As reported in last week’s issue, Kia Corthron will tonight discuss her new novel, “Moon and the Mars,” at the Irish Arts Center. The book is described as “examining racism, family, and identity through the eyes of Theo, a young girl growing up between the homes of her Irish and Black grandparents in the Five Points neighborhood of mid-19th century New York City.”
The event will be produced in association with the Tenement Museum. This is not, I’m pretty sure, the first collaboration between those two dynamic organizations. And there are certainly plenty of Irish artists and writers who’ve appeared at both venues.
In the case of Mick Moloney back in 2010, the demand was so great beforehand that the Tenement Museum rented a nearby hall, quite a big one if memory serves, for his talk on Irish influences on Manhattan’s musical traditions. It was standing room only.
Two years before that, the museum opened its Moore apartment based around the story of an Irish family that moved into the building in 1869.
My own association with it goes back further still. In 2000, I wrote a feature for this newspaper about the museum’s search for an Irish family whose story could be told at 97 Orchard St. And from early 2001 through the middle of 2004 I worked there as a paid part-time educator. For the first couple of years I was at the museum several days a week. To put that in some perspective, a regular shift was four back-to-back building tours over the course of six hours.
I quit when I got full-time editorial work in 2004 and I never got to do the “Irish Outsiders” building tour about Joseph Moore and his family, although for a time I led walking tours, which took in some Irish-American history with mentions of iconic neighborhood churches and so on. I maintained contact in other ways for a while, and was asked once by the bookstore’s manager to introduce Pete Hamill at a reading (the introduction was supposed to be a hard-sell pitch to get folks to buy the book).
I did subsequently disagree with the museum’s policy in one area (as did Hamill, I heard through the grapevine), but that aside, I have positive feelings towards the place and anybody who is connected with it. It was an incredible experience to work at that quintessentially American of institutions — often on some days as the only person who was an actual immigrant, and the only one with a foreign accent.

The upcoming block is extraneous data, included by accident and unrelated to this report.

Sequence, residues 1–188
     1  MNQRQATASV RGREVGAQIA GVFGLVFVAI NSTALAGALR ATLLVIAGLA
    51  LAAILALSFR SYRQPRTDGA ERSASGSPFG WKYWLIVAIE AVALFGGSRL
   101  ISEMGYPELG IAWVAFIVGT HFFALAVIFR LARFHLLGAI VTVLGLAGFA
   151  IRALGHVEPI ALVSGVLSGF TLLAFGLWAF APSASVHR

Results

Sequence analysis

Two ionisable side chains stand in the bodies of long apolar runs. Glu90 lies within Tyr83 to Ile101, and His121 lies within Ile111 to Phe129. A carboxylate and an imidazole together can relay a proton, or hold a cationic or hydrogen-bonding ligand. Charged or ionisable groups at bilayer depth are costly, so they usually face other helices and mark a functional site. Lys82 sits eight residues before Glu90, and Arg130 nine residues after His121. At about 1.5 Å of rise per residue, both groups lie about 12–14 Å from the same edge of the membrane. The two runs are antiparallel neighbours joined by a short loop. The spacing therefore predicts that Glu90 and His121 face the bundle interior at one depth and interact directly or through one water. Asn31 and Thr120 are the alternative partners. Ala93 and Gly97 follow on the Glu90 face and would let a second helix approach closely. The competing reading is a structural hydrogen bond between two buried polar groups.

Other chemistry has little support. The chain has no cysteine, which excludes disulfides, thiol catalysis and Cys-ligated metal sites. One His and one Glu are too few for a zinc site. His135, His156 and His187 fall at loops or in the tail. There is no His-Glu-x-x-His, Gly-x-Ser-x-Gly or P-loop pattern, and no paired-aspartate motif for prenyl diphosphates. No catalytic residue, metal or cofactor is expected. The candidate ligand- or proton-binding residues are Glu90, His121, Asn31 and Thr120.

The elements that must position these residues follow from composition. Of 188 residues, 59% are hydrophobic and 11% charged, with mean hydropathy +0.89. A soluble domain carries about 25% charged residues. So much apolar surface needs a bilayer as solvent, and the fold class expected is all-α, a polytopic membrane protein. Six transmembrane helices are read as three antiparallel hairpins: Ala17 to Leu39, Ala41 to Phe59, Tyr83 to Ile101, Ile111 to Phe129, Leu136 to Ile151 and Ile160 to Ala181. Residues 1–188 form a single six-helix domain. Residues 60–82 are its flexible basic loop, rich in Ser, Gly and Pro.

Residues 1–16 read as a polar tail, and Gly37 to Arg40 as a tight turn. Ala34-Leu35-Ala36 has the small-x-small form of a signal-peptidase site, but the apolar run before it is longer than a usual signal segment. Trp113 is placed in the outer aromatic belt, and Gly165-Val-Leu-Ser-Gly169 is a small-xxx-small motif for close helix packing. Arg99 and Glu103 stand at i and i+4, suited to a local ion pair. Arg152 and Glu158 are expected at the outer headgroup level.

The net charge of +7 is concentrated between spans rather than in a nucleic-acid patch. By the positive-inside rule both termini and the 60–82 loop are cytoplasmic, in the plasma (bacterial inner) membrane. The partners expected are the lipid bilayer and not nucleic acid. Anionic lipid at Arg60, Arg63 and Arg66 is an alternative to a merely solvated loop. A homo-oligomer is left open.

So it was with considerable dismay that I saw the Tenement Museum at the center of what can only be described as a manufactured controversy in recent weeks. Much of it was predicated on a basic inaccuracy in reporting, a fundamental error about what the museum’s mission has always been.
But first of all, an accurate story — back in June, the New York Times reported that some years ago a museum researcher had found and was intrigued by another Joseph Moore, a Black man who was born in New Jersey and later lived in lower Manhattan; and now, although he had not lived at 97 Orchard St., the museum was planning to build a Joseph and Rachel Moore apartment, on the fifth floor, which would open in the fall of 2022. The Times said that the “existing Moore tour, called ‘Irish Outsiders,’ is being replaced with a hybrid tour discussing both Josephs, and offering a preview of the museum’s detective work.”
Knowing what I do about the museum, its history and how it operates, I thought that a reasonable idea, and indeed potentially a very good one.
There wasn’t a peep from anybody about this for half a year. Then came in late November an incendiary article on the conservative Spectator World website, by one Peter Van Buren, headlined “Woke Claims a Museum,” which was then reported by other, better known right-leaning outlets.
Essentially, the charge was that in some sort of woke-induced delirium, the Tenement Museum had radically changed its founding policy on a couple of fronts to “shoehorn” the American Black experience into a museum that always told the story of European immigrants.
The Daily Mail, calling it a “woke tale” said, “The Tenement Museum is replacing its story of an Irish family who lived in Manhattan's Lower East Side building with that of a black man who did not.”
Citing “multiple news sources” (all, it seems, traceable to and inspired by Van Buren’s piece), the Ancient Order of Hibernians inserted itself in this matter, repeating the main inaccuracy (saying the museum “was established to tell the history of immigration”). Irish-American media followed it down the same path, even repeating in some instances ludicrous points from the original Van Buren article that the AOH had prudently avoided.
The media coverage seemed somewhat off base in a number of respects — as well as unfortunate and disappointing — as I remembered that the museum’s basic mission was “to promote tolerance” and, of course, to that end, tell the stories of those who lived in the tenements, for many of whom the neighborhood was famously a gateway to America. But it was never narrowly defined as a purely “immigrant” museum, even if that was a great media hook. In any case, a presumed majority of the 7,000 people who lived at 97 Orchard from 1864 through to 1935, when it was boarded up, were New York-born.